When the Cavs have played up tempo and moved the ball by passing, not dribbling, they have played better, and the offensive is putting up better numbers, scoring over 110 points in five straight games before it ended last night.

Where the lack of mental toughness comes in is when they stop playing this style and revert back to the isolation ball that was en vogue with David Blatt.

That’s what the coach was talking about when he was talking about the players needing to figure it out when they stop pushing and moving the ball, and get back to doing it without Lue reminding them.

What is mind boggling is that the players on the floor keep going back to this style whenever things get a little tough.

Maybe it is still an adjustment period for the players with and to the new coaching staff, and after a month or so, the new style will become the default for the players, and everything will be fine.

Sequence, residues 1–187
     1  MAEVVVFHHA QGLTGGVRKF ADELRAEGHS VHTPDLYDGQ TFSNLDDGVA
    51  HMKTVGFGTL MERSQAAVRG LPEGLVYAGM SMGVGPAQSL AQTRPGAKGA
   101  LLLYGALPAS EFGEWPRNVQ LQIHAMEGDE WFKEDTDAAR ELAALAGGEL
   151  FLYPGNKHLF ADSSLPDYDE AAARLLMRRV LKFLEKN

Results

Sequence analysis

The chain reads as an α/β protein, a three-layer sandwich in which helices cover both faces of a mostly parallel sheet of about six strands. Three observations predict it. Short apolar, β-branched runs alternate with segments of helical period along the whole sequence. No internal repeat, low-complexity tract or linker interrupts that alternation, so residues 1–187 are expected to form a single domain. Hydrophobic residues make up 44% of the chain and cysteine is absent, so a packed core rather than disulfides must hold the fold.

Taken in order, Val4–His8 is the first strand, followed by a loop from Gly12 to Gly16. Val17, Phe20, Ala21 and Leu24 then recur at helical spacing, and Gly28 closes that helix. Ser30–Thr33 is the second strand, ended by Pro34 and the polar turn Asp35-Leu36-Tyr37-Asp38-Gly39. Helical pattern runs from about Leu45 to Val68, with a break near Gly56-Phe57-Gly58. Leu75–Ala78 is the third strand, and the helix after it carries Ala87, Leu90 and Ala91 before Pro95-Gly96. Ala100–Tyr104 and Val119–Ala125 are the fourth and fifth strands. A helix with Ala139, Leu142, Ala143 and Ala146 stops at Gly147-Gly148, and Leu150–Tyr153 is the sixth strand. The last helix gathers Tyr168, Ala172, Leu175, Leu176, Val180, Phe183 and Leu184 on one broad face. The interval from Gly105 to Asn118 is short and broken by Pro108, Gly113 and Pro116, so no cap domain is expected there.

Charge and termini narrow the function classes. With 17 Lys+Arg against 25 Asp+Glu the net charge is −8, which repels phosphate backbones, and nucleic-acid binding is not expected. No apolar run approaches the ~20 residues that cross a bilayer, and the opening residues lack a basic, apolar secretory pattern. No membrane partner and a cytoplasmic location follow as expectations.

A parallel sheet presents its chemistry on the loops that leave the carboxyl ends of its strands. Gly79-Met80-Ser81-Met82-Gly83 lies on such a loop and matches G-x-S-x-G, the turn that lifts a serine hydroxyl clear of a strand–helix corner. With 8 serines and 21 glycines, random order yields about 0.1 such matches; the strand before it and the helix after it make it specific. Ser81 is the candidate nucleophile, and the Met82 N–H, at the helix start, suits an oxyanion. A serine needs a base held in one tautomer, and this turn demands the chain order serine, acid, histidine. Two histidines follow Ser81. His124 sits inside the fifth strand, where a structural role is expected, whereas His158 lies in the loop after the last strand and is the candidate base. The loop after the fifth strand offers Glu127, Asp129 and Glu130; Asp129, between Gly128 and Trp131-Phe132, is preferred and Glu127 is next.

Lue has wanted to play more guys, but the last two games has resorted to giving heavy minutes to the starters.  We feel it’s because of a lack of trust in the reserves, which is the same issue Blatt had.

And with Matthew Dellavedova out last night with a bad hamstring, Mo Williams was forced into action and his defensive problems were once again apparent.

It’s that problem that made us ambivalent about Williams’ return to Cleveland last summer.

Another problem that has cropped up is a lack of bench scoring.  This can be easily remedied by switching Iman Shumpert back in the starting lineup and bringing JR Smith off the bench.